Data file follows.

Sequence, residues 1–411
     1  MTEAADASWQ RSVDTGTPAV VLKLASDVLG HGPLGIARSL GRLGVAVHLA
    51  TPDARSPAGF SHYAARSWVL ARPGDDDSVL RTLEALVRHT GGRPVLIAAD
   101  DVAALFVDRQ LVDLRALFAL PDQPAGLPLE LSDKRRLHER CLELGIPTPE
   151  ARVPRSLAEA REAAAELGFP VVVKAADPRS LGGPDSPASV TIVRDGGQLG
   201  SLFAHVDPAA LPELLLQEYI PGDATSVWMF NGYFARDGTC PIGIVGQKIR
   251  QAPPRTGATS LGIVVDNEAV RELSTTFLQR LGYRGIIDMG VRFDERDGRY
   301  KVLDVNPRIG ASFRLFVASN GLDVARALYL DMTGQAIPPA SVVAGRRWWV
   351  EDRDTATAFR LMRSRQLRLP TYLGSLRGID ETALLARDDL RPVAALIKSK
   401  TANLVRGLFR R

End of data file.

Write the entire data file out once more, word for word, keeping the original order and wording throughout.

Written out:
Sequence, residues 1–411
     1  MTEAADASWQ RSVDTGTPAV VLKLASDVLG HGPLGIARSL GRLGVAVHLA
    51  TPDARSPAGF SHYAARSWVL ARPGDDDSVL RTLEALVRHT GGRPVLIAAD
   101  DVAALFVDRQ LVDLRALFAL PDQPAGLPLE LSDKRRLHER CLELGIPTPE
   151  ARVPRSLAEA REAAAELGFP VVVKAADPRS LGGPDSPASV TIVRDGGQLG
   201  SLFAHVDPAA LPELLLQEYI PGDATSVWMF NGYFARDGTC PIGIVGQKIR
   251  QAPPRTGATS LGIVVDNEAV RELSTTFLQR LGYRGIIDMG VRFDERDGRY
   301  KVLDVNPRIG ASFRLFVASN GLDVARALYL DMTGQAIPPA SVVAGRRWWV
   351  EDRDTATAFR LMRSRQLRLP TYLGSLRGID ETALLARDDL RPVAALIKSK
   401  TANLVRGLFR R